2005-1, good or bad? [Was: Re: Shim6 vs PI addressing]
Iljitsch van Beijnum
iljitsch at muada.com
Fri Mar 3 10:47:15 UTC 2006
On 3-mrt-2006, at 4:54, Marshall Eubanks wrote:
>> I've talked long and hard about why it's bad to have nearly
>> unrestricted PI in IPv6 because the routing system can't scale
>> (either at all or at reasonable cost) to accommodate this, but
>> apparently this argument isn't universally convincing among
>> operators. However, within the IETF there is reasonable consensus
>> that there is enough of a risk to warrant efforts to provide
>> multihoming benefits that don't impact routing.
> The IETF is at serious risk of being overtaken by events here, in
> my humble opinion. I have just returned from China, where there is
> a serious effort focused on deploying IPv6, and where there are 111
> million Internet users,
> most with broadband, according to government statistics. I do not
> think that they and the other people waiting on
> IPv6 are going to wait a decade for this to be sorted out.
There are currently 265 AS numbers assigned in China (9 more than
what Sweden has) so apparantly multihoming isn't too high on their
list of priorities.
There haven't been any developments the last few years that warrant
such a policy change. Yes, some people are saying that they won't
deploy IPv6 without easy multihoming, but I've yet to hear someone
say that they WILL deploy IPv6 within a year WITH easy multihoming.
For instance, Google has had 2001:4860::/32 since april but I've yet
to see any of their services work over IPv6.
Yes, there are problems with the current policy. For instance, if
you're a large transit ISP and your customers all have their own
address space, you're not going to assign address space to them so
you don't qualify for IPv6 address space. However, it would be nice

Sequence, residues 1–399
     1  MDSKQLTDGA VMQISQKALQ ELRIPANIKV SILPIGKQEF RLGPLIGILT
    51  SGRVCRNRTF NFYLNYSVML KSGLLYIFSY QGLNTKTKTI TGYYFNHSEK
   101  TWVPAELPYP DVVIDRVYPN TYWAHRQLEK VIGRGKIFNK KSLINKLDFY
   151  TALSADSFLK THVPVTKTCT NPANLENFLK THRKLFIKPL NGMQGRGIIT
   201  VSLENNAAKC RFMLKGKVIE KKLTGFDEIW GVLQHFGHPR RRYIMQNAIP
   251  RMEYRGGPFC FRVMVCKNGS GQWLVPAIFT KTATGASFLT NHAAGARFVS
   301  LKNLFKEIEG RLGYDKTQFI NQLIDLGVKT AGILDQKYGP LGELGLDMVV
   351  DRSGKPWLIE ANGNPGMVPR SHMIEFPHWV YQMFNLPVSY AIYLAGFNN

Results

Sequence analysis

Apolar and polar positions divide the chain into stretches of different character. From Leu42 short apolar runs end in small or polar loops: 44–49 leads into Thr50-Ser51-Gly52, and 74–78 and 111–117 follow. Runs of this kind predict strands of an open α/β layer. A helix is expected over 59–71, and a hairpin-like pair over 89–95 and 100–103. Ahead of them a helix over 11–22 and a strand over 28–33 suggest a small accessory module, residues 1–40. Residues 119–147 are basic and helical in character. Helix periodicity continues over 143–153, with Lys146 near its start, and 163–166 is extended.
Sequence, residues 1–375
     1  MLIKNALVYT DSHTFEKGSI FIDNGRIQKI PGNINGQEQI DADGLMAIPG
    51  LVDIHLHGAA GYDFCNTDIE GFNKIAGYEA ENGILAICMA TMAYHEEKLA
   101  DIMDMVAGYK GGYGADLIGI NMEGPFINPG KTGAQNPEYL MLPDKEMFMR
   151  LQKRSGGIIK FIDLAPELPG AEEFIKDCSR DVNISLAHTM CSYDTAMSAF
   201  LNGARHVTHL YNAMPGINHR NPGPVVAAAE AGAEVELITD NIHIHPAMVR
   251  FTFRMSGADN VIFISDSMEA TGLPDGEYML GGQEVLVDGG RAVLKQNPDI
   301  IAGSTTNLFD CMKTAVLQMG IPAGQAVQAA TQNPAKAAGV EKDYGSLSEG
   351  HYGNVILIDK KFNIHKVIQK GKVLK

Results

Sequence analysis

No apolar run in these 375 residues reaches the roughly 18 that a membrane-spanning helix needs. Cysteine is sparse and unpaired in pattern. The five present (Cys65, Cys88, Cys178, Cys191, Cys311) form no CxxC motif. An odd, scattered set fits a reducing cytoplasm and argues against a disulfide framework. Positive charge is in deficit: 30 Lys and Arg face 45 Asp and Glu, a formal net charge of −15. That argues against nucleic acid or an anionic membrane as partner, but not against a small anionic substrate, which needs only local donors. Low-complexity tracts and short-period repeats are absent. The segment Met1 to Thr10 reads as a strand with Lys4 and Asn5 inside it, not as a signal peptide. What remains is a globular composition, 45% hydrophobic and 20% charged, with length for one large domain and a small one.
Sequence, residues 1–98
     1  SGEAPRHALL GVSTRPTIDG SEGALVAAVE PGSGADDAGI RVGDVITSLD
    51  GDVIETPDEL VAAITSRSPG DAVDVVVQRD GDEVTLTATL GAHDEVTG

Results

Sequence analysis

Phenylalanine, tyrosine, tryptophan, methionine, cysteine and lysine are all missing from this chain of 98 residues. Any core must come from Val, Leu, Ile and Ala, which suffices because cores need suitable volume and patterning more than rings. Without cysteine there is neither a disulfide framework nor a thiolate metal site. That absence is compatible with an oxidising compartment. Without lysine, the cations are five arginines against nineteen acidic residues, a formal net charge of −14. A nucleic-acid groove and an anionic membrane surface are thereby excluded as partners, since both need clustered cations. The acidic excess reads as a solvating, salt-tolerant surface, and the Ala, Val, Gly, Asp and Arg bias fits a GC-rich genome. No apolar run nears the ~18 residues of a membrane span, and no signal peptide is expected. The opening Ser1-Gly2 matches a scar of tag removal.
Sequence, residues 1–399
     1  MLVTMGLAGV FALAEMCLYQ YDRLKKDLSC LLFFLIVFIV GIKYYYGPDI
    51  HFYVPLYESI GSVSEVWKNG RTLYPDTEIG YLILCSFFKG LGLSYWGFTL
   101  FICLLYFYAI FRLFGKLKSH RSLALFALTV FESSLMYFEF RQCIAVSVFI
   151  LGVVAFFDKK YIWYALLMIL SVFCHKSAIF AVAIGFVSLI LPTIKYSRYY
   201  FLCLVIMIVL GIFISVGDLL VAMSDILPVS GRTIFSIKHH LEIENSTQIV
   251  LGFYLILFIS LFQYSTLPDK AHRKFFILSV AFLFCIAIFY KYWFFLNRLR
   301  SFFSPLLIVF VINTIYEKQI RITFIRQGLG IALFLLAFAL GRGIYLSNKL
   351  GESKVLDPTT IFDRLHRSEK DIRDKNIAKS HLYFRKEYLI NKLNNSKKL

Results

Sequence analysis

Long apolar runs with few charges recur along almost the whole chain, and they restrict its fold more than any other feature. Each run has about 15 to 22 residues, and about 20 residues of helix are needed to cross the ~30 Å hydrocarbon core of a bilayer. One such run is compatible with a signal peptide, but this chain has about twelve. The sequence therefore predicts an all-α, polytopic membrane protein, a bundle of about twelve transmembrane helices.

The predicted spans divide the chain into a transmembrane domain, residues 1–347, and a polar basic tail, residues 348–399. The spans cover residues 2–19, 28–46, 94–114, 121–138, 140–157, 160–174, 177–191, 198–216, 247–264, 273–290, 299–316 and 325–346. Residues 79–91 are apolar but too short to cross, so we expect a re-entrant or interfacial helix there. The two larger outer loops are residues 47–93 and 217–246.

to be able to give your routers addresses. Why not create a policy
that addresses these issues, rather than try to do a full 180 on
what's been in place for years?
Last but not least, a /48 isn't going to give large hosting companies
and large enterprises what they want/need, which is generally
multiple address blocks for multiple locations. We can debate whether
deagregating a /32 in IPv6 is going to work well (I say: don't count
on it), but nobody in their right mind is going to accept prefixes
longer than a /48.
So this policy will allow creating a swamp in IPv6 and still not
address the needs it is supposed to address.
>> Deaggregating a /32 into /48s has the potential to increase the
>> global routing table by 65000 routes. Such an event will almost
>> certainly overload routers that don't filter those prefixes out.
> This to be honest sounds like the sort of thing that router vendors
> would love to build filters for, much like dampening routing flaps
> or rate limiting MSDP storms.
I don't think creating a potential problem just so vendors can have a
crack at trying to solve it is a good use of our collective time.
> After all, an ASN going from one address block to 65,000 should be
> detectable automatically.
Not very easily. It means keeping statistics on the number of
prefixes per origin AS, which is additional work and additional knobs
that can be turned into the wrong direction.
> I see no reason why this will lead to the filtering of all IPv6 /48's.
A couple of years ago I discovered that the F root server has an IPv6
address: 2001:500::1035. This was assigned as a /48 by ARIN even
though their IPv6 policy (still) says:
[wait wait wait until I fall back to IPv4 because www.arin.net is
currently unreachable over IPv6]
"6.4.3. Minimum Allocation
RIRs will apply a minimum size for IPv6 allocations, to facilitate
The minimum allocation size for IPv6 address space is /32."
The ISP that I used at the time installed prefix length filters
accordingly so I couldn't reach the F root server over IPv6.
Moral of the story: if you build in a way for people to screw up,
they'll do it. After that, they'll start throwing out some babies
with the bath water.
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